The Design Education Bottleneck
Ed Dorsa, IDSA | Virginia Tech
Design education is between two rocks and a hard place. The first rock is public funding for
higher education, which is in the decline across the country. The second rock is the demand
generated by more and more incoming freshmen who every year want to study design.
Unlike private enterprise, which has its own problems, and is laying off employees as it struggles
with reduced demand, those of us in the public sector—education, government and
healthcare— struggle with reduced resources and belt tightening at the same time that demand
for our “product” and the customer base continues to grow.
The reduction in public support for higher education has been going on for the past two decades
and this year it is down again. All indications are that public funding will not begin to increase
again soon, if ever. As a result, in most public institutions faculty numbers are static or in
decline as they try to reduce costs by offering early retirement, generally to their most
experienced teachers. This has an especially detrimental impact on design education which is,
as a result of the studio model, teacher intensive—with small class sizes (compared to lecture
classes in other curricula) and high contact hours.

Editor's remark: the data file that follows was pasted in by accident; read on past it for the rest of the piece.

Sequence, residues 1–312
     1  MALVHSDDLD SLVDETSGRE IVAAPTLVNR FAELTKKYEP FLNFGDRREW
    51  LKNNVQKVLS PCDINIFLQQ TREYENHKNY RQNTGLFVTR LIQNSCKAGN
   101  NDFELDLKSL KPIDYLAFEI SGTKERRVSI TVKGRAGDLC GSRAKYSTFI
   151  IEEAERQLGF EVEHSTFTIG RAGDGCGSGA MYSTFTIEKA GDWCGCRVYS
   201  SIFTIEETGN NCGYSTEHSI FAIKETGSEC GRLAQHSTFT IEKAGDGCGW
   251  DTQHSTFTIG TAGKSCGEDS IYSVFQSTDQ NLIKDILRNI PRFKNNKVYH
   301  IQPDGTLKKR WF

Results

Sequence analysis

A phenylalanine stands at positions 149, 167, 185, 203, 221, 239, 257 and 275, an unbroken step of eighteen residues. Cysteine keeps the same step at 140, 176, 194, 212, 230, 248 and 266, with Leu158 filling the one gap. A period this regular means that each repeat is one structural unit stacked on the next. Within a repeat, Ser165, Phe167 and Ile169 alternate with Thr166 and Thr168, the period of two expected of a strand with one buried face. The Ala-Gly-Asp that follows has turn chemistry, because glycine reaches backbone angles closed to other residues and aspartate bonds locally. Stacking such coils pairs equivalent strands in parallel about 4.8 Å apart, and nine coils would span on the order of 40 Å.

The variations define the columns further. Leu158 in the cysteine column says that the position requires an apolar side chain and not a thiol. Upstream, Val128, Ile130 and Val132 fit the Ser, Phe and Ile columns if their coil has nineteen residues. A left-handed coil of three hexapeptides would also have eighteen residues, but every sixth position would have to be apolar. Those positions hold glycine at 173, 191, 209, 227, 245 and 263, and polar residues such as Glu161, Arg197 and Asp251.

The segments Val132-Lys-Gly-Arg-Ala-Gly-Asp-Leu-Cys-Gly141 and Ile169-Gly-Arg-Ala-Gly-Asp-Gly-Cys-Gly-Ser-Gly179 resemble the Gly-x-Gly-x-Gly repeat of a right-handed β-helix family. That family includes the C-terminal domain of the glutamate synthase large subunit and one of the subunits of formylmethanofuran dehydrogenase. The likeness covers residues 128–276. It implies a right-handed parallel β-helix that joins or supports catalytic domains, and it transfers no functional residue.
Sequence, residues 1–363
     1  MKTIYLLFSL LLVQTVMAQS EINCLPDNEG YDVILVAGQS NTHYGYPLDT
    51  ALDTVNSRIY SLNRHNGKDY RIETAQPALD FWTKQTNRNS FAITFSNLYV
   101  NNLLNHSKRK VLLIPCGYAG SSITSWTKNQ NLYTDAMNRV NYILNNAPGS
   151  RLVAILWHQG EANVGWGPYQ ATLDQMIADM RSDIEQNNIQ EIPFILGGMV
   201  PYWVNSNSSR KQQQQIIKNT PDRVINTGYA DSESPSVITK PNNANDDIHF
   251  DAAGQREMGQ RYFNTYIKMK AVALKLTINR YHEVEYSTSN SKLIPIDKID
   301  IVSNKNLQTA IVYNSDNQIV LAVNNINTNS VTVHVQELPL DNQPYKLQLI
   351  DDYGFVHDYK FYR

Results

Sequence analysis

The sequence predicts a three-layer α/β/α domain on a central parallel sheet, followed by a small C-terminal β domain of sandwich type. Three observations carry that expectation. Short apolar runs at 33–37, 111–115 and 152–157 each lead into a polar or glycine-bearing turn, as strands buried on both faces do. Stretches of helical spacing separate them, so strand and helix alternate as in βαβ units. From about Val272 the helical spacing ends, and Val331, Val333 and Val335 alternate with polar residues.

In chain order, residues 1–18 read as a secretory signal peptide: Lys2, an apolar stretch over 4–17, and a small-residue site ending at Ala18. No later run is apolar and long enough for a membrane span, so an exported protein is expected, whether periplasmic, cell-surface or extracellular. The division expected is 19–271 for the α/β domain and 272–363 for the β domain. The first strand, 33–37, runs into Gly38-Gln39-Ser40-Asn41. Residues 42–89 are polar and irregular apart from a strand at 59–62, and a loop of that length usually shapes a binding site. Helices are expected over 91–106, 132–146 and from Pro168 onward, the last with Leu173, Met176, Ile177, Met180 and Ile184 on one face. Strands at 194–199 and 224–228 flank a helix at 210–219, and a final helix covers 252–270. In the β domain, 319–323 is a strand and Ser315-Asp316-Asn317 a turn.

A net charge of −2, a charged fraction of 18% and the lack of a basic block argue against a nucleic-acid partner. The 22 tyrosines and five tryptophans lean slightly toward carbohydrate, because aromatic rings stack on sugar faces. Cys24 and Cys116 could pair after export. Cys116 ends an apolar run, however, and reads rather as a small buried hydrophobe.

Combine this with the fact that every year more and more students—qualified, talented
students—want to become designers. At Virginia Tech, which is a relatively young program,
there were 13 students in the graduating class of 1999 (my first year teaching here.) Last year
we graduated 32 students. That number was supposed to be our target number in a two‐faculty
studio, but it is rapidly becoming the low side of average for us. Our sophomore class this year
was 38 and the attrition rate will only be one or two. But increased demand and reduced
resources is only one side of the overall problem.
The hard place is the increasing complexity and specialization of what we teach. Industrial
design is growing more complex by the day as new and important information becomes
available and requires inclusion in our curricula...